actually, when you buy in bulk TBs are cheap, and mem prices drop, especially when you have 100 GB/s pipes
Disks may be relatively cheap especially in OEM quantities, however when the requirement is for multi petabytes then you cannot think in terms of a collection of single disks even in a RAID array you have to consider a Storage Area Network and the infrastructure to manage, backup and even do a recovery. When you start adding up the costs this does not come cheap.
Yes governments, especially those in first world countries can build up the necessary infrastructure to capture information and it comes out of tax payers pockets, but you only need one whistle-blower and that government has egg on it's face. Of course some governments don't care and are quite happy to build something like this even if it means their people starve.
If you want a job doing any type of linux work, you better know RPM. Period.
You don't really have to know the ins and outs of "rpm" but a quick "man rpm" will help immediately and of course the web has a huge amount of examples. You can get by with only a few options however like most commands in Linux/Unix there are some more esoteric options that can be very useful on the odd occasion.
Now I suppose we can start discussing the proposed depreciation of "yum" to "dnf" (default in Fedora 22 which is about a year away). Both have man entries although at the moment (Fedora 20) I only use "yum". I have tried "dnf" and it also works.
Everyone I know who uses vi uses ":wq" rather than ":x". Don't know why. I'm an emacs user, so I couldn't even tell you what the command is to save and quit; I just move my fingers and feet in a pattern stored in muscle memory, and things get done.
Well I normally use "ZZ" although I can use
Mac OS uses launchd, FreeBSD uses init.d, many Linuxes use systemd.
And Solaris uses SMF. This is more than just nuance; each of these systems are different and completely incompatible. It really means that the argument of "It's just Unix" and therefore the same/similar is ignorant or possibly maliciously false to further a political point.
We also should talk about HPUX and AIX which are very much alive and well. Looks around and ducks for cover
Of course, but it's still a nice feature until you have figured it out or received a patch that fixes the problem.
If the daemon crashes on execution, then gets restarted, say, 100 times a minute, how is that a nice feature?
I think you as the System Admin would notice this and make sure the service is shut-down for debugging purposes or reported to the appropriate people as a failure in their software. This is no different to what was done over 40 years ago.
If constant reboots and BSODs are still your impression of Windows, you should give it another try with a more recent version. Things are quite smooth these days, thanks to the NT6 kernel.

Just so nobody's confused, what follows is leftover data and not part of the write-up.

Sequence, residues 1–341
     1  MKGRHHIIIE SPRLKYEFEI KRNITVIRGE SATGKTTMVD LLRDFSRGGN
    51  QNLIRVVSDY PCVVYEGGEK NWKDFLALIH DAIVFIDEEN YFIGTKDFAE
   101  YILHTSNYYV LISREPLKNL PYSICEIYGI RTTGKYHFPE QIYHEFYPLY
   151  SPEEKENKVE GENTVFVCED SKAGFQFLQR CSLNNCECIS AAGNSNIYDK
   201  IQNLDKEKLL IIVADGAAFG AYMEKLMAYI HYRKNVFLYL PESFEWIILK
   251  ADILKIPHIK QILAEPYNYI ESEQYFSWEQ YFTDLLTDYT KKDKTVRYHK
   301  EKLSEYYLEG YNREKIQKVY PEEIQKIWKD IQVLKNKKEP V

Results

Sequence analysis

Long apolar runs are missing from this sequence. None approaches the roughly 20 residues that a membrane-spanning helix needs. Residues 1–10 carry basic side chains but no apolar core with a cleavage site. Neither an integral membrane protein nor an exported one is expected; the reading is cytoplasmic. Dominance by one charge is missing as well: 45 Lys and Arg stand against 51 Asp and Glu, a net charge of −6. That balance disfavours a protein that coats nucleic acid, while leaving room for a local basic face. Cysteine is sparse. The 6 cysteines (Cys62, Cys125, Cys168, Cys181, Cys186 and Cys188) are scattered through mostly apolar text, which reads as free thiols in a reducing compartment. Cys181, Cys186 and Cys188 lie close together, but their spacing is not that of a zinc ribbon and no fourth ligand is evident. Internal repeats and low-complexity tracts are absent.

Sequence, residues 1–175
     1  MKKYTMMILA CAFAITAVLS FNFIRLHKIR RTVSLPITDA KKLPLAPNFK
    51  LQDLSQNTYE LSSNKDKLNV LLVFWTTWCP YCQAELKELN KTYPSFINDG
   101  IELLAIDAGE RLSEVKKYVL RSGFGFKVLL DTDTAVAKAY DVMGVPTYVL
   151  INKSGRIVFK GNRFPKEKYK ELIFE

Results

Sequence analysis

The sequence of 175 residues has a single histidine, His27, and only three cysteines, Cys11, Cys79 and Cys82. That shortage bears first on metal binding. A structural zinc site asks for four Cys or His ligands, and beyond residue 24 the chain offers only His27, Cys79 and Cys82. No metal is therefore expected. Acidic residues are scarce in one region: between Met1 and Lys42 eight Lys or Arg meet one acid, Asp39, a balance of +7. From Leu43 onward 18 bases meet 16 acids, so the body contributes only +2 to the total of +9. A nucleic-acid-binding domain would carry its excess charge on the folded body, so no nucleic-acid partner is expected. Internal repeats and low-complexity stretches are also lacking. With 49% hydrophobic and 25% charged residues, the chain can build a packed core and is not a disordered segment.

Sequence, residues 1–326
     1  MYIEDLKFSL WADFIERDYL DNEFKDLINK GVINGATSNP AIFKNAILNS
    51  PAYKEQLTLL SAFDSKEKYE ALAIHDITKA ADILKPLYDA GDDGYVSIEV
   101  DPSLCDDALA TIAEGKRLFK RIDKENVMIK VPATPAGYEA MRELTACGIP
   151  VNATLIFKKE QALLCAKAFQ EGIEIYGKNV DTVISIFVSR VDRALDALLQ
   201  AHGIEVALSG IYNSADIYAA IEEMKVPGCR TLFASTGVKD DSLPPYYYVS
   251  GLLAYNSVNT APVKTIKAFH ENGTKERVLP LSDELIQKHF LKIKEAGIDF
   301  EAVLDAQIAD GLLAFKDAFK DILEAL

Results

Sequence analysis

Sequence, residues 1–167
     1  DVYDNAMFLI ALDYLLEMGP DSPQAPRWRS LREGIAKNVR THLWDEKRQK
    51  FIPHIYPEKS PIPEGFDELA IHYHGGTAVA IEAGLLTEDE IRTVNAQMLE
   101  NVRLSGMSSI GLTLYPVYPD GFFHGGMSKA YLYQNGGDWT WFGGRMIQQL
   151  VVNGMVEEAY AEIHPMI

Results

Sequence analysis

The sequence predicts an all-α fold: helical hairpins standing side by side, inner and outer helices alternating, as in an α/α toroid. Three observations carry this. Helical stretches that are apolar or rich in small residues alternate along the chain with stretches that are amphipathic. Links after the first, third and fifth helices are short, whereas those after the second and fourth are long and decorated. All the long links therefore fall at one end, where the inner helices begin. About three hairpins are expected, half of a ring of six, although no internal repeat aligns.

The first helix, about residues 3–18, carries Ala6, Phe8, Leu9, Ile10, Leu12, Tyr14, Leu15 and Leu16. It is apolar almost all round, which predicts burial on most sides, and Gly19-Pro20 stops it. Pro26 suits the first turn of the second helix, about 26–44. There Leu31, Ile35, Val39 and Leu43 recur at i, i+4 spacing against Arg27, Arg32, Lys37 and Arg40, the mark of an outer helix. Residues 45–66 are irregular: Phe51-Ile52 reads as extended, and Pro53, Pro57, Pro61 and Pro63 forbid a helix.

Err! Win NT6.0 was Microsoft Windows Vista and we know how everyone loved that. Even with NT6.1 (Microsoft Windows 7) you still could get constant reboots and BSODs (first hand experience). Still NT6.2 (MS Win 8) and NT3 (MS Win 8.1) may me stable to you but that GUI IMHO looks like something designed by a 5 year old.
Over 7 years ago I switched to a Linux distro and have never looked back.
That's not really how tape systems work. Generally they keep an index online so you can tell the tape system to pop in a specific tape and goto a specific position, longest load times... in real world that i've personally witnessed... 10 mins
You do realise that tape is normally classified as "off-line" backup/storage which normally means that the tapes are taken off-site. If you are talking about a virtual tape machine and your data is still in the cache then recovery could be a few minutes but if the data is not in the cache then you will need to wait till the tapes are brought back on-site and that can take a few hours.
Why is it that you can turn off blue ray drives, but not hard drives?
Last I checked, my hard drives were simple to power on and off on the fly
Companies that have massive storage and computing needs cannot and should not be compared to your home PC. I suggest you look at Storage Area Networks (SAN) and the implementation and costs associated with them. Taking Facebook as an example you cannot just shut-down a SAN even it is used as a "near-line" storage device, so using BD as "near-line storage" devices is actually a very practical and economical solution.
Seldom used data sitting in spinning power draining disks has a continuous power cost.
Seldom accessed HDDs can be spun down, or even completely powered off.
You do realise that HDD's can fail so you would need redundancy (ie. more than one) The same can be said for BD but since they are passive disks you don't have to worry about the electronics. Yes you do need a BD reader/writer to read/wite to the BD disks, but that writer/reader can be replaced if faulty without any loss of data. While you can spin down HDD's this is not a good solution for a variety of reasons, one of which is that the disks (remember "redundancy") may not come up properly.
When people discuss things like this you have to be aware that for large amounts of storage we are not talking about simple SSD's that can be found in any PC configuration, you have to look at storage arrays which are not exactly something you can just casually switch off to conserve power, so it makes much more sense to consider using "near-line" media storage devices such as BD/DVD/CD which don't have any electronics associated with them except for the device reader/writer which consumes much less power then a storage array and can easily be replaced without any chance of data loss.
BTW I am well aware that a faulty disk can be read for it's data however if you actually work out the costs involved and there is no guarantee that you can get back all the data then cheap BD disks are a better solution.